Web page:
Most know that it is important to identify from the beginning the material from which a part will be run. But what is the best material to use for your project? Below we explore the differences between aluminum, stainless steel, and carbon steel materials.

 

Aluminum

The dash (-) refers to hardness. For example, –H32 means the customer is asking for Aluminum at ¼ hard. Below are some of the more common choices we see at Estes.

5052-H32

Description: This is the most common aluminum requested at Estes. This is the highest strength alloy of the more common non heat-treatable grades of aluminum. Fatigue strength is higher than most aluminum alloys. In addition this grade has particularly good resistance to marine atmosphere and salt water corrosion. It has excellent workability. It may be drawn or formed into intricate shapes and its slightly greater strength in the annealed condition minimizes tearing that occurs in 1100 and 3003. It works very well on a laser.

Applications: Used in a wide variety of applications from aircraft components to home appliances, marine and transportation industry parts, heavy duty cooking utensils and equipment for bulk processing of food.

3003-H14

Description: This is the most widely used of all aluminum alloys. It is essentially commercially pure aluminum with the addition of manganese which increases the strength some 20% over the 1100 grade. Thus, it has all the excellent characteristics of 1100 with higher strength. It has excellent corrosion resistance and workability. It may be deep drawn or spun, welded or brazed. It is non heat treatable.  While some lasers do not cut 3003, Estes can do so using its fiber laser.

Applications: cooking utensils, decorative trim, awnings, siding, storage tanks, chemical equipment.

6061-T4 and 6061-T6

Description: 6061 is the least expensive and most versatile of the heat-treatable aluminum alloys. It has most of the good qualities of aluminum. It offers a range of good mechanical properties and good corrosion resistance. It can be fabricated by most of the commonly used techniques. In the annealed condition it has good workability. In the T4 condition fairly severe forming operations may be accomplished. The full T6 properties may be obtained by artificial aging. It is welded by all methods and can be furnace brazed. The T4 is soft and the T6 is hard making it harder to form. The T6 is so hard that it is impossible to form sharp edges. You will have large radii (almost 8x the material thickness).

Applications: This grade is used for a wide variety of products and applications from truck bodies and frames to screw machine parts and structural components. 6061 is used where appearance and better corrosion resistance with good strength are required.

 

Stainless Steel

Stainless steel is best run on laser because it is one of the harder materials. There are two primary series of stainless steel used by Estes. Estes uses the 300 series and the 400 series.

300 Series

The 300 series is the most commonly used stainless steel by Estes. It contains very little carbon. The 300 series cannot be heat-treated, and is non-magnetic. It has a very high scrap value.

400 Series

The 400 series has a higher carbon content than the 300 series. It is magnetic making it slightly more prone to rust. If the 400 series is welded, there is a chance of carbon precipitation to cause a problem of rust on the stainless steel.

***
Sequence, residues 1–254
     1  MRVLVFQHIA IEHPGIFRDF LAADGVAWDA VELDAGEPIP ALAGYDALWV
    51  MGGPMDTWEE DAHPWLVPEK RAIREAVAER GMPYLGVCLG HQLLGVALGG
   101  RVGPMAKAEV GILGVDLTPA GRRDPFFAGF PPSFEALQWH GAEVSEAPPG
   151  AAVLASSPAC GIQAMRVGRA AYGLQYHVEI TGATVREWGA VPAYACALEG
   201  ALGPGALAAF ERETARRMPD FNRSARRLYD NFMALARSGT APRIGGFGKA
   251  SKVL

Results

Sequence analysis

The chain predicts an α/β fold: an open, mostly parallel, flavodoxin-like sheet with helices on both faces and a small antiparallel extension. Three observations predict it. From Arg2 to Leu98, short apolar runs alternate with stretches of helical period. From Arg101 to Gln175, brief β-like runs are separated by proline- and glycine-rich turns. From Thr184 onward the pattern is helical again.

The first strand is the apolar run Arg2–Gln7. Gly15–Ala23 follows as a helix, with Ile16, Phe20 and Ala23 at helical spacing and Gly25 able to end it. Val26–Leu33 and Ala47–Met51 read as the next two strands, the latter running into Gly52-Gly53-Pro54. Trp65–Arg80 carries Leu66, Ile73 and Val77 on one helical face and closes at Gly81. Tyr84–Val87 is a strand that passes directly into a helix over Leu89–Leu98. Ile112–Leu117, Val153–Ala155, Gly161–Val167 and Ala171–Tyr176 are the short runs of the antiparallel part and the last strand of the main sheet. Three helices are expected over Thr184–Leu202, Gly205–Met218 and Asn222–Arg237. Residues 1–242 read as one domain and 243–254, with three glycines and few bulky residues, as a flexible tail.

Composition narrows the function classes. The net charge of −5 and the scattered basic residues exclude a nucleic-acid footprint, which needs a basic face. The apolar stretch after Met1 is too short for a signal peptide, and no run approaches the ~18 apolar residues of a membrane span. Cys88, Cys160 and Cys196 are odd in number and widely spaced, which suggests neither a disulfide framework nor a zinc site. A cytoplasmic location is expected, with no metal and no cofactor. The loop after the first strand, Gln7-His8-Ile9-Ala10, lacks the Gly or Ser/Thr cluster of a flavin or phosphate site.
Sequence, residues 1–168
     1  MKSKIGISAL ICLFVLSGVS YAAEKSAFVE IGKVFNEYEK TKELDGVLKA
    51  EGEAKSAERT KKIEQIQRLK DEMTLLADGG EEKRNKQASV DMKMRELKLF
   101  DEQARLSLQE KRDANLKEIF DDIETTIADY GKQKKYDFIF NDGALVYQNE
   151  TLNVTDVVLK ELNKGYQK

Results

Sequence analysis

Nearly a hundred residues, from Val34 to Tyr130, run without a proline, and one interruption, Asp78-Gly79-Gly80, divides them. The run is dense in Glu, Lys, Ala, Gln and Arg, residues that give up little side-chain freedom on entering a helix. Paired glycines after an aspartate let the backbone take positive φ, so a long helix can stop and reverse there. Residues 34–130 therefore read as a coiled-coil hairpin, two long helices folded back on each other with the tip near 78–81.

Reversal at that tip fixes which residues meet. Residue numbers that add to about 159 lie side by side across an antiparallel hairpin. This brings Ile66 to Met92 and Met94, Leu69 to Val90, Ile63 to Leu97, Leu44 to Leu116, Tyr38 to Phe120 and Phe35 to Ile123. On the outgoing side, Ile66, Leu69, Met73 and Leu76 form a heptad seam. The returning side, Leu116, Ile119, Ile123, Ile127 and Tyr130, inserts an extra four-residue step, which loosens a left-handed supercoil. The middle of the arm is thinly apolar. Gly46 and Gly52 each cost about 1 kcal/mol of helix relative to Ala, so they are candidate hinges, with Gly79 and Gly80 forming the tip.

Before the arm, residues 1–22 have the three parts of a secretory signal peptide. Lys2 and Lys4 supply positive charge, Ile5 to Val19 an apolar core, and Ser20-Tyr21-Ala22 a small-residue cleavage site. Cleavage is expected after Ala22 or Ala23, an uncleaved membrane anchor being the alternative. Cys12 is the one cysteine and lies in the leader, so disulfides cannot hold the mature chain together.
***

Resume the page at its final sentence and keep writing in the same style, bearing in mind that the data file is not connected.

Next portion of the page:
There is also a wide range of finishes available. The most common to Estes are:

2B Finish

Description: The 2B finish is a standard mill finish. It is gray and uniform looking with no texture at all.

Polished Finishes

Description: The #3 and #4 are brushed finishes that are more expensive. Often, service centers will provide the same product for both finish numbers. To protect the brushed finish, the material is supplied with vinyl protection that adheres to the surface. The vinyl is typically peeled by the end user when the product is in the field.

 

Carbon Steel

One thing to note about Carbon Steel is that it ALWAYS starts as Hot Rolled. When it is rolled into sheets it can either remain hot rolled or change to cold rolled. Cold rolled means that the steel is rolled to its final dimensions below the recrystallization temperatures.

Cold Rolled Steel

When carbon steel is cold rolled, it tends to become a bit more brittle than when it is hot rolled. The extra brittleness is of little consequence to most fabricating processes, though hemming operations could be affected. Cold rolled steel can be laser cut or punched.

Hot Rolled Steel

Hot rolled steel is a better forming steel that is usually cheaper than cold rolled steel. It is not as clean as cold rolled and has a black residue. Hot rolled steel can be laser cut or punched.

Hot Rolled Pickled and Oiled Steel

The Pickled and Oiled option is the same as hot rolled steel, with the one difference being that the steel runs through a bath of pickle liquor that contains strong acids. The bath helps to clean the material and prevent rust. Hot rolled pickled and oiled carbon steel can be laser cut or punched.

Coated Steel Products

Coated steel products reduce the possibility of corrosion.

Aluminized, Galvanized, and Galvannealed are all offered as coated steel products. Laser cutting galvanized can leave a drossy edge, as the coating is melted during the cutting process and then rehardens on the bottom edge of the material. All three materials form the same, but it is best not to paint the Galvanized.

 

Sources:  http://www.aircraftspruce.com/catalog/mepages/aluminfo.php